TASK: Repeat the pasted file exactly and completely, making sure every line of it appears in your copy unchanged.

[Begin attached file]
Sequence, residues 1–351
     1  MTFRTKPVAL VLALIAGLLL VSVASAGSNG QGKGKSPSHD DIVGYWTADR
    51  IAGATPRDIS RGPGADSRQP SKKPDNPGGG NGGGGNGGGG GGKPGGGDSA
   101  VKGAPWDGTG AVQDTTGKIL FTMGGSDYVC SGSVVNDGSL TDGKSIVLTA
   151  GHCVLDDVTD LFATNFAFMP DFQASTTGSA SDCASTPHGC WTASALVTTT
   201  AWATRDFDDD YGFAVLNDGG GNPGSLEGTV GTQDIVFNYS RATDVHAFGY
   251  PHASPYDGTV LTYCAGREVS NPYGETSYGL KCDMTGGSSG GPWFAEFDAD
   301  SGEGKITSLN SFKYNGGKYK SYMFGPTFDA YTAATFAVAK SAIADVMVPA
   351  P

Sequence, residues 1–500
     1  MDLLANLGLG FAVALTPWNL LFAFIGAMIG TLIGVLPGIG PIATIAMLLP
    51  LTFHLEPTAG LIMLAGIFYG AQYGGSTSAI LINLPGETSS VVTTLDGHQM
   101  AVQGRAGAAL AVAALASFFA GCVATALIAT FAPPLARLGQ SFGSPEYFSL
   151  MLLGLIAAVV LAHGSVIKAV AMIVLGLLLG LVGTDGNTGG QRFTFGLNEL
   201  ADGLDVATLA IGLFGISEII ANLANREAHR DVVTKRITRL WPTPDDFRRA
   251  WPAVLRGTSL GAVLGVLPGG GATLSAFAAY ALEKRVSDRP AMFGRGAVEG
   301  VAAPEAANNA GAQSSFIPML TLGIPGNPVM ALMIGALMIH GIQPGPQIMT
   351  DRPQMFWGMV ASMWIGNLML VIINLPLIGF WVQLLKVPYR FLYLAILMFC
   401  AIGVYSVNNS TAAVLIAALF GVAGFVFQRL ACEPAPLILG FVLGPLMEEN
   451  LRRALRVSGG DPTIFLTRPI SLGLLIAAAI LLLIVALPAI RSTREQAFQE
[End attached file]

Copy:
Sequence, residues 1–351
     1  MTFRTKPVAL VLALIAGLLL VSVASAGSNG QGKGKSPSHD DIVGYWTADR
    51  IAGATPRDIS RGPGADSRQP SKKPDNPGGG NGGGGNGGGG GGKPGGGDSA
   101  VKGAPWDGTG AVQDTTGKIL FTMGGSDYVC SGSVVNDGSL TDGKSIVLTA
   151  GHCVLDDVTD LFATNFAFMP DFQASTTGSA SDCASTPHGC WTASALVTTT
   201  AWATRDFDDD YGFAVLNDGG GNPGSLEGTV GTQDIVFNYS RATDVHAFGY
   251  PHASPYDGTV LTYCAGREVS NPYGETSYGL KCDMTGGSSG GPWFAEFDAD
   301  SGEGKITSLN SFKYNGGKYK SYMFGPTFDA YTAATFAVAK SAIADVMVPA
   351  P

Sequence, residues 1–500
     1  MDLLANLGLG FAVALTPWNL LFAFIGAMIG TLIGVLPGIG PIATIAMLLP
    51  LTFHLEPTAG LIMLAGIFYG AQYGGSTSAI LINLPGETSS VVTTLDGHQM
   101  AVQGRAGAAL AVAALASFFA GCVATALIAT FAPPLARLGQ SFGSPEYFSL
   151  MLLGLIAAVV LAHGSVIKAV AMIVLGLLLG LVGTDGNTGG QRFTFGLNEL
   201  ADGLDVATLA IGLFGISEII ANLANREAHR DVVTKRITRL WPTPDDFRRA
   251  WPAVLRGTSL GAVLGVLPGG GATLSAFAAY ALEKRVSDRP AMFGRGAVEG
   301  VAAPEAANNA GAQSSFIPML TLGIPGNPVM ALMIGALMIH GIQPGPQIMT
   351  DRPQMFWGMV ASMWIGNLML VIINLPLIGF WVQLLKVPYR FLYLAILMFC
   401  AIGVYSVNNS TAAVLIAALF GVAGFVFQRL ACEPAPLILG FVLGPLMEEN
   451  LRRALRVSGG DPTIFLTRPI SLGLLIAAAI LLLIVALPAI RSTREQAFQE